How retirement living can improve your personal security  during the pandemic

It’s no surprise that many aspects of our daily lives have temporarily changed due to the pandemic and the Public Health restrictions put in place to keep us all safe. However, many changes have had an unwelcome impact our overall sense of security and wellbeing, making many feel like life is on hold until the majority of Canadians are vaccinated.

Though these changes have also affected older adults calling retirement residences home, they aren’t facing the same insecurities that some seniors living at home alone are right now.

Here are three areas of life that may improve for you or a loved one if you move into a retirement residence right now:

Your emotional security

For some, the pandemic has had a profound impact on their mental health, sense of freedom and even self-esteem. This could be for a variety of reasons, including the inability to travel, see friends and family, the cancellation or postponement of important life experiences like weddings and anniversaries, or even having to wait to see a newborn family member. More broadly, uncertainty about the future and when life will return to normal can affect levels of optimism and induce anxiety or depressive feelings.

One way life in a retirement residence can help bolster your sense of emotional security is that the lifestyle provides safe daily opportunities for purposeful activities and connection with others, which many are missing right now while living home alone. Even though some activities—such as large group activities or outings—may be scaled back right now depending on the region, there are still things to do each day that provides a sense of routine, structure and positivity. And if you’re having a particularly difficult day? You’re living in a community of friends and trusted staff who are there to reassure you that everything with be alright.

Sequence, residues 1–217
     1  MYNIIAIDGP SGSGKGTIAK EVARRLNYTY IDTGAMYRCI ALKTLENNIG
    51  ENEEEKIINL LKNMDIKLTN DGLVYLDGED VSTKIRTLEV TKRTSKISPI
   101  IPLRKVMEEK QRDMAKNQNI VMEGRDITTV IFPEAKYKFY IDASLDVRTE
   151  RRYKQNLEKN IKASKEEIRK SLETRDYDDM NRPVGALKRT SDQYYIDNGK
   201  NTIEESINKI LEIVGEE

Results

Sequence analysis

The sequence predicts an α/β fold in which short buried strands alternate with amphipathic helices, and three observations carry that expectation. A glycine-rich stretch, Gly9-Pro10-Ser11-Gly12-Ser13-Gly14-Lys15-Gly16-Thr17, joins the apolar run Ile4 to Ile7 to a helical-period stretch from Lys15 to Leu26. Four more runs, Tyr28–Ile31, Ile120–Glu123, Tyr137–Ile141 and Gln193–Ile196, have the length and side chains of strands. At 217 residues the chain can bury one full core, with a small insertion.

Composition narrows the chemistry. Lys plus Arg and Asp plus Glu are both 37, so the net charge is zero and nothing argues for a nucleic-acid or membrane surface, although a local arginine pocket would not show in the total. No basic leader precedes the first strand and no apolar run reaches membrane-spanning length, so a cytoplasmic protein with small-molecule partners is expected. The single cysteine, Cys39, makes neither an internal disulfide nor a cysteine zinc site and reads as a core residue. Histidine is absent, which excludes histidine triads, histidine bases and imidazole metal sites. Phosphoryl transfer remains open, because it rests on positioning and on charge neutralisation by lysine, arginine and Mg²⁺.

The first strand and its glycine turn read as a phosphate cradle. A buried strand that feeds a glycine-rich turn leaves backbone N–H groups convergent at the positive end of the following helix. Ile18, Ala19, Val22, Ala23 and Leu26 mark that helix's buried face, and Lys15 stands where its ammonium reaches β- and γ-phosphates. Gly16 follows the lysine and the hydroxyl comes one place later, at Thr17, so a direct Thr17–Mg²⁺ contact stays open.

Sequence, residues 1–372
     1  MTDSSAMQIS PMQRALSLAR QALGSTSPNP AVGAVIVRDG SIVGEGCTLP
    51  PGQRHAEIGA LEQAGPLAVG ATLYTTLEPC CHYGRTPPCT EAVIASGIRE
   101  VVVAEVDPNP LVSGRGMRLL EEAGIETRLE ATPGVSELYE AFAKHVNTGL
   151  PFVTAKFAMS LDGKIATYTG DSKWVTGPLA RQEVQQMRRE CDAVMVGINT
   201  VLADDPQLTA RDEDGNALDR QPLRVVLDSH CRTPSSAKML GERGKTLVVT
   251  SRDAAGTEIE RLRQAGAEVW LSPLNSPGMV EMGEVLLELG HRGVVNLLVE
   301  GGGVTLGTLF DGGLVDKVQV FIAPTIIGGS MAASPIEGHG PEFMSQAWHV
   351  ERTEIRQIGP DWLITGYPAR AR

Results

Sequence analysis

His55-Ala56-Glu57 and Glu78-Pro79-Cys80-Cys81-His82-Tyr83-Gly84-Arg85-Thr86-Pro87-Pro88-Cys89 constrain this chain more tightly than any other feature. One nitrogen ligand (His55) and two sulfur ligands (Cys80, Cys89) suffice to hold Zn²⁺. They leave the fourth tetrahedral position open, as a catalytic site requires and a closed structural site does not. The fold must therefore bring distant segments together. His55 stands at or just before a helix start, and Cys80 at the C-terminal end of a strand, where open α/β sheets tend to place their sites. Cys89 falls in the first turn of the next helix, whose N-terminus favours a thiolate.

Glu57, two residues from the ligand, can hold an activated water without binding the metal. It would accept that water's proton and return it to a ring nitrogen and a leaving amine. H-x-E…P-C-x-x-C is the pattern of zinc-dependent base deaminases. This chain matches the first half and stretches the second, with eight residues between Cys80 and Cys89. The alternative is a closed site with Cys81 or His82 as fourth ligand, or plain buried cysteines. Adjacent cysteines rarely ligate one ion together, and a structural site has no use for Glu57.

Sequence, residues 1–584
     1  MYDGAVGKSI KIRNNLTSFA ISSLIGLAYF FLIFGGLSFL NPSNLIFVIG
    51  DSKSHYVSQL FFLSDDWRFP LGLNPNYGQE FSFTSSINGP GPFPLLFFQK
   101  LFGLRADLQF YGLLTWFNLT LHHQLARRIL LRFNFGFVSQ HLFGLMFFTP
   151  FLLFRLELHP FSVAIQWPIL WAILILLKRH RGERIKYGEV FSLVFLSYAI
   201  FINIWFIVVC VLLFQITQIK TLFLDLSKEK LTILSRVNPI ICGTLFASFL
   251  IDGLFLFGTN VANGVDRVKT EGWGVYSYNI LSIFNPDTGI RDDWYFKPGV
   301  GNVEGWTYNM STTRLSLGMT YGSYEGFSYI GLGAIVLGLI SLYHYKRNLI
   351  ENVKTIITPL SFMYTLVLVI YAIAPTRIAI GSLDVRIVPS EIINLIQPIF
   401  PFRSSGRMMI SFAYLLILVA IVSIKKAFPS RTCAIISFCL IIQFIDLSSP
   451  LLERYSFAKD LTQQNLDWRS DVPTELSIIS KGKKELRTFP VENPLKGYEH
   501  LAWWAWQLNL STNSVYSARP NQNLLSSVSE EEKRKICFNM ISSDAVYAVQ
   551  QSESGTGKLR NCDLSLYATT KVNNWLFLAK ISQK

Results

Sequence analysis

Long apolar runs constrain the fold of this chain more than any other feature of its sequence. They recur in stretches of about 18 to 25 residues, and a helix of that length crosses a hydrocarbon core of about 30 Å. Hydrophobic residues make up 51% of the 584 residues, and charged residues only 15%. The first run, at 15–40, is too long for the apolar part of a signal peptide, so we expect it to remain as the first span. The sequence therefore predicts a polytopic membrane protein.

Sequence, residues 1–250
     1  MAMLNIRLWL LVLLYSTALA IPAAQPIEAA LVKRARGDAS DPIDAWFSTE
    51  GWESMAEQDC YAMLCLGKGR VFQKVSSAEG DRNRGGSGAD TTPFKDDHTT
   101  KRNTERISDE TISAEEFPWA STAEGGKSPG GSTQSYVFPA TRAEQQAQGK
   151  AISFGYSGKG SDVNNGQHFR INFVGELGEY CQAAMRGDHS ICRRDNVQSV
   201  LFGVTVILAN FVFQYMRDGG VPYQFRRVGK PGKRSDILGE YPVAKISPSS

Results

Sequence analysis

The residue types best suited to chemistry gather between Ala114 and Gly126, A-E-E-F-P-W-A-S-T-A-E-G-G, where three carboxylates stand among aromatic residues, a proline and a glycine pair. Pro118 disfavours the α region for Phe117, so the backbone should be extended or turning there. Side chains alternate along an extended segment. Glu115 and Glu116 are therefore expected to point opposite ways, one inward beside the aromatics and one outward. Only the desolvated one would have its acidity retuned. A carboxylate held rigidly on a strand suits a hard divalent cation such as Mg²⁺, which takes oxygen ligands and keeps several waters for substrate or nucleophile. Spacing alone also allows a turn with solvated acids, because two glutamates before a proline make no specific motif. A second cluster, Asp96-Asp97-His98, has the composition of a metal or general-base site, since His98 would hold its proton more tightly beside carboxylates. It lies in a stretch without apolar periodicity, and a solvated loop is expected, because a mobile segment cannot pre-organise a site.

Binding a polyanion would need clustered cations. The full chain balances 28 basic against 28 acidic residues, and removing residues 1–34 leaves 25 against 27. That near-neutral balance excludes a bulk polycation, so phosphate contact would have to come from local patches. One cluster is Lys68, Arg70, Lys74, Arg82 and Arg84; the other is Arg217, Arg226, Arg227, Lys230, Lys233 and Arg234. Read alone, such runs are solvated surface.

Your social security

With the inability to see groups of friends and family right now, and important holidays or traditions postponed, our social health—including connecting with new people, nurturing friendships and physical intimacy like hugging and kissing—has taken a hit over the past year.

Though retirement residents have also experienced less time with family and friends living outside of their communities, they still experience safe opportunities to socialize with fellow residents and staff daily, whether during meals, activities or simply riding the elevator together! Having those daily touchpoints has helped residents to remain resilient, upbeat and socially engaged through a trying time.

Your physical security

For some seniors, the pandemic has caused a great deal of anxiety for their physical safety. Some people feel nervous going out grocery shopping or to pick up medications, should they be exposed to the virus; others are struggling to manage everything at home, like cooking or cleaning, as family caregivers are avoiding coming over for fear of getting them sick; and for individuals bringing in third-party care services, there is the worry that someone may not show up due to unforeseen pandemic circumstances.

In a senior living residence, older adults don’t have to worry that they will go without the important services they come to rely upon. Chartwell staff have been consistent in their service delivery of delicious and nutritious meals and care, and have also adapted activities and social experiences according to Public Health guidance. Residents can live worry-free knowing the staff they come to know and trust can safely provide for their needs, no matter the circumstances.

The majority of Chartwell residences have received or are in the midst of receiving their prioritized vaccinations. Learn more about the lifestyle at Chartwell and our safety measures by visiting